On time at the station

Posted: September 13, 2012 in Heavy Duty Trucks

Cummins Signature 600 engines are at the heart of Newcastle Waters’ C508 Kenworths

As a crimson sun starts to rise above the seemingly endless expanse, Banjo Paterson’s evocative line – “there was movement at the station” – makes the jump from bush verse to reality.

We’re at one of the Northern Territory’s far-flung cattle stations, Newcastle Waters, which occupies a vast and ancient land.

A century ago many stockmen would have died with memories of this endless horizon sweeping around them, of seemingly empty plains stretching out forever.

Today, there may be a vision of nothingness, but Newcastle Waters and its two outstations – Dungowan and Ucharonidge – run 90,000 head of cattle on a sprawling 5.7 million acres (2.3 million hectares).

With the first whisper of daylight, manager Angus Mitchell is meeting with station hands, organising the day’s work with a calm persistence.

There’s movement at the station, and during the day Newcastle Waters’ three roadtrains will be on the property, punching through the great emptiness, plumes of dust marking their progress.

Newcastle Waters is one of 19 properties owned by Consolidated Pastoral Company (CPC), once part of the empire of the man with a reputation bigger than a Brahman   bull – Kerry Packer.

At one stage Packer was Australia’s second largest cattle producer and fifth largest rural landowner.

The Packer family sold 90 per cent of CPC in 2009 to British private equity firm Terra Firma while allowing Ken Warriner, boss of the Packer cattle empire, to keep a 10 per cent holding. Today, Warriner is chairman of CPC.

CPC’s properties cover more than 14.3 million acres (5.8 million hectares) and are responsible for the management of over 360,000 head of cattle in northern Australia.

Newcastle Waters, 700 km south of Darwin, was first stocked with cattle in 1883. A homestead was built the same year, the same homestead occupied today by manager Angus Mitchell, his wife Fiona, and children Charlie, 6, and Lucy, 4.

Today, the 90,000 head of cattle on the open plains, flood country and timbered sandhills of Newcastle Waters and its two outstations include 40,000 commercial Brahman and Charbray breeding cows.

Newcastle Waters also operates the largest Brahman stud in the world with 4,500 quality cows supplying 1000 to1200 bulls annually for the company’s northern properties.

Around 30,000 head of cattle are turned off annually — most go to seven CPC properties in Queensland for fattening and breeding – while 30,000 head are moved internally.

Day-to-day operations at Newcastle Waters are run by a staff of 40, and the station’s famous ‘wine glass’ brand, in use since the late1800s, identifies all stud and commercial cattle from the property.

Angus Mitchell… “If every one of our suppliers was like Cummins we’d be a lot better off.”

Angus Mitchell has had a lifetime of work in the cattle industry. He grew up on his family’s property near Armidale in NSW, then gained experience as a jackaroo and head stockman at several cattle stations in Queensland.

He managed Carlton Hill, near Kununurra in WA, for five years before moving to Newcastle Waters where he has been manager for eight years.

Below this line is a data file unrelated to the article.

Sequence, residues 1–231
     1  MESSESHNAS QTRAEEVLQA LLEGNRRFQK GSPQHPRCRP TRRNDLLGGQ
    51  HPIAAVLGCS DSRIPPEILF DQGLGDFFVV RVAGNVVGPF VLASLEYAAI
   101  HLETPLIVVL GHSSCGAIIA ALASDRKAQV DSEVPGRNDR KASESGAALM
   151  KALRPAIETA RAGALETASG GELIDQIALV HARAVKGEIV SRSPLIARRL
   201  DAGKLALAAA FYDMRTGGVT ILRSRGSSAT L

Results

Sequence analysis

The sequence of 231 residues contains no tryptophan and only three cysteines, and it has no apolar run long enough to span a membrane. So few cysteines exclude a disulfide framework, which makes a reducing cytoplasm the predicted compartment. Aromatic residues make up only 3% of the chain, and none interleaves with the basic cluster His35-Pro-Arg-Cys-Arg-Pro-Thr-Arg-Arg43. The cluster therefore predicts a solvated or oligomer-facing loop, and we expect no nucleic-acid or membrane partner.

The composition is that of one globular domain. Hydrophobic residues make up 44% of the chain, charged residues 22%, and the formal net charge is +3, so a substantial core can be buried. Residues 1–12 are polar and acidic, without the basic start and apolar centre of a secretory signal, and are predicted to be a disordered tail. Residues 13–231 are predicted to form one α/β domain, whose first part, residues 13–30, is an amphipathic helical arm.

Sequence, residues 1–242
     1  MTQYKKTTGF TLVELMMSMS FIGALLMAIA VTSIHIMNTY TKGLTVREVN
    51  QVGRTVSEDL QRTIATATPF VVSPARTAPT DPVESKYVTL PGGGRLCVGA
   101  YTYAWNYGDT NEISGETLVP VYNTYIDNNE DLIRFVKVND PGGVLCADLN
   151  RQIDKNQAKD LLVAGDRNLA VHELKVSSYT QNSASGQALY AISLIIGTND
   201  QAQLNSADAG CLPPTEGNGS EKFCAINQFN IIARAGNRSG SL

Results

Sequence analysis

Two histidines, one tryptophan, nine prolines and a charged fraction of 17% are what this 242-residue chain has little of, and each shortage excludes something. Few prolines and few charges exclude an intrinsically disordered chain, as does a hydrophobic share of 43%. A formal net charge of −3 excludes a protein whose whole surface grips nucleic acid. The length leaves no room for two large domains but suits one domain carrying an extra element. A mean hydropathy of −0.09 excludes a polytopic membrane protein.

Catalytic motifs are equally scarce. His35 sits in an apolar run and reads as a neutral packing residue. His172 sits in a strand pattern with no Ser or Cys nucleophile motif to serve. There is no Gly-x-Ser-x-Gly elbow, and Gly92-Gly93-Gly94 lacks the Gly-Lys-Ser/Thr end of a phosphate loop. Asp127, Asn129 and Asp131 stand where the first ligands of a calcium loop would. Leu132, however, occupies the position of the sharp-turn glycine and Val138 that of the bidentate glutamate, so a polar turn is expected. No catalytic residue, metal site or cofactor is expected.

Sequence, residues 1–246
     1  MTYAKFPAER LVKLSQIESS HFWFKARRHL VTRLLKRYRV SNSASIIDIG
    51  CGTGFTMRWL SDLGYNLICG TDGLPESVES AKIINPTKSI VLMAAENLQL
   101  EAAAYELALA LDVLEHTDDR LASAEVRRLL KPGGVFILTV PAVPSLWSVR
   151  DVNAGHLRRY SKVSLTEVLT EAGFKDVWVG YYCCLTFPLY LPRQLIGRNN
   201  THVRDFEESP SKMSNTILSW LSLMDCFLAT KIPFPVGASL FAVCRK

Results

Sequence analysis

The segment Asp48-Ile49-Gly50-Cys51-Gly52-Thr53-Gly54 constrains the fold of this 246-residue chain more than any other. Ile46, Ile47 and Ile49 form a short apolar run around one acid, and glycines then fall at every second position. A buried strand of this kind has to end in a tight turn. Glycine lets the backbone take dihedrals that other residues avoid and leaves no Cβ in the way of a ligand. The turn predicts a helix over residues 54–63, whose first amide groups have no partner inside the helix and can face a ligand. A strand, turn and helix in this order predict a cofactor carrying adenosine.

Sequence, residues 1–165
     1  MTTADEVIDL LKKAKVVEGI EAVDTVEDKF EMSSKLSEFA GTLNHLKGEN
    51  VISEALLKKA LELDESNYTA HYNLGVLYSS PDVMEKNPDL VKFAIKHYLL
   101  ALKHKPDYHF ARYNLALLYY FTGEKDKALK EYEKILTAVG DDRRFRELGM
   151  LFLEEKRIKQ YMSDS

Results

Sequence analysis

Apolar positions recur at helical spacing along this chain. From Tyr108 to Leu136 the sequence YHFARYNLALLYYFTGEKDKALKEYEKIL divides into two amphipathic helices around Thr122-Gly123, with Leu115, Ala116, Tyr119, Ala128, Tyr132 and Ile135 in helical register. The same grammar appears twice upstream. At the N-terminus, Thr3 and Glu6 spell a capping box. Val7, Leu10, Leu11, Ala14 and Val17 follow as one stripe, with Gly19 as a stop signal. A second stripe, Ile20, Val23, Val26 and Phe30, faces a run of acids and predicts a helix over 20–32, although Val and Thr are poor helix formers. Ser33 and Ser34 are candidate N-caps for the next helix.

The station’s substantial inventory includes three roadtrains, two C508 Kenworths powered by Cummins Signature 600 EGR engines that operate between CPC properties, and an old Mack SuperLiner that works solely within the station.

Angus makes one thing clear: “I’m passionate about trucks…I like working them hard.”

The ability of suppliers to support their product in Newcastle Waters’ remote environment often tests the patience of Angus Mitchell.

“If every one of our suppliers was like Cummins we’d be a lot better off,” he states emphatically. “No one matches Cummins for support.

“If we’ve got a problem here at, say, lunchtime, Cummins will have a technician on a plane and at the station before dark.”

He adds that since he has been at Newcastle Waters “we’ve never been caught on the side of the road with cattle on”.

The roadtrains are run as a separate business entity so that cost of operation can be closely monitored.

Adam (‘Hoggie’) Hogg and Tony (‘Wilson’) Wilson pilot the Kenworths and their pride in the equipment is evident when you inspect the immaculate interiors of their trucks.

Hoggie is also well versed in the intricacies of the Cummins Signature engine, having worked for Cummins Penrith (Sydney) as a technician.

“When it’s clean sailing these Signatures will pull six decks of cattle all day at 100 km/h,” the two men tell us. “However, when there’s a big wind on the Barkly Tableland top speed can be pulled back to 70 km/h.”

In a moment of reflection, Hoggie says the job “is not about the money, it’s about the lifestyle”.  He wanted to travel and the Newcastle Waters job has given him that opportunity.

Newcastle Waters and its two outstations run 90,000 head of cattle.

A typical working day for Angus Mitchell is 6 am to 10 pm. Every morning he pilots one of the Newcastle Waters’ three planes, visiting the stock camps on the station.

His wife Fiona plays a valuable support role in the smooth running of the station. Their Newcastle Waters experience has included the birth of their two children, Charlie and Lucy.

“Station life is great for bringing up kids,” Angus tells us.

It’s now late afternoon and we sip a beer as Angus talks with authority about the carbon tax, renewable energy, and other topics affecting the cattle industry.

The windsock on the station’s airstrip flutters ever so slightly, silhouetted against another magical sunset. Another day nearly over at Newcastle Waters.

Comments are closed.